- Pause and reflect: The first principle in Amy Herman’s Visual Intelligence is to slow down: “Slowing down doesn’t mean being slow, it just means taking a few minutes to absorb what we are seeing. Details, patterns, and relationships take time to register. Nuances and new information can be missed if we rush past them.” As a child, I enjoyed visiting art galleries with my grandmother and aunt, both artists. They had an artist’s appreciation for paintings that I lacked, and could observe and discuss a painting for a half-hour or more. When they walked streets, they walked slower and saw more. I often marveled at their attention to detail and how much more vividly they saw life. Amy writes about how often we miss important details, even the essence of the picture, by overlooking what is right in front of us.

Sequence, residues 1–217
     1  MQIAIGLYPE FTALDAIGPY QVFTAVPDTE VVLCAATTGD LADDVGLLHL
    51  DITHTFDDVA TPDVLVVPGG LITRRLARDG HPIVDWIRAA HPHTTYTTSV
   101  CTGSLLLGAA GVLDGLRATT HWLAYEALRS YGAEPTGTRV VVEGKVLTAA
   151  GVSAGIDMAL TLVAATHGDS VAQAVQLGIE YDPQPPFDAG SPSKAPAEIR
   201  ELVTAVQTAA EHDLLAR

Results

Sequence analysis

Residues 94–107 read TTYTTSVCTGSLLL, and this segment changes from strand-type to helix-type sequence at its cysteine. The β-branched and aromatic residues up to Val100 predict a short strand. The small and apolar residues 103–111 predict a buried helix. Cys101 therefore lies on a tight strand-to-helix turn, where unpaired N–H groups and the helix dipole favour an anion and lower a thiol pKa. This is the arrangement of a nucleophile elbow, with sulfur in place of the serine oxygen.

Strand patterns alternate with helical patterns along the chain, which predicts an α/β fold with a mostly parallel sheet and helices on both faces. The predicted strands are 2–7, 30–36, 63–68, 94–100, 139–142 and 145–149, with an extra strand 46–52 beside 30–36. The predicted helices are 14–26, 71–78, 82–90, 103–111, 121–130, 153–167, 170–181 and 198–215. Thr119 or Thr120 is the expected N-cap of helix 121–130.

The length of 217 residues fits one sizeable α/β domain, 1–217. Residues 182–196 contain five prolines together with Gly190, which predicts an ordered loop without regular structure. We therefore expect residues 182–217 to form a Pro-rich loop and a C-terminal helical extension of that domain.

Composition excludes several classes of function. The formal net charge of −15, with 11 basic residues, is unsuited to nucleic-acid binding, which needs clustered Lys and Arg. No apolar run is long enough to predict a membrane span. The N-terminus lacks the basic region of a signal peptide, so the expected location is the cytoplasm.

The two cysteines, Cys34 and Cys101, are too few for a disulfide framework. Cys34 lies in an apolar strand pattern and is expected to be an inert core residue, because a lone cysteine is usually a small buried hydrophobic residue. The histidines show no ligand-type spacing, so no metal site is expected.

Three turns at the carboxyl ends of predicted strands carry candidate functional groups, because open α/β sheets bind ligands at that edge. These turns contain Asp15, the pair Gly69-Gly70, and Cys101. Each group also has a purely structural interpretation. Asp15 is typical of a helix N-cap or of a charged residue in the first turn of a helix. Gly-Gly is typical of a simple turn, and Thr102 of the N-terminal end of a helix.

- Seek first to understand, then to be understood: This is principle #5 from Steven Covey’s The Seven Habits of Highly Effective People. We only see the world we look for. Effective communication begins with hearing, not speaking. Good questions are better than good answers, as advice is often toxic. Michael Haugen from GH Smart advised us to ‘Get Curious’ using three simple phrases: “What?” “How?” and “Tell me more.” As Aimee Allen, Head of the Harbor Montessori School notes, “In assuming positive intent, we slow down and ask ourselves to see things through the eyes of someone else.” Or as Atticus Finch advised his son in To Kill a Mockingbird: “You never really understand a person until you consider things from his point of view, until you climb inside of his skin and walk around in it.”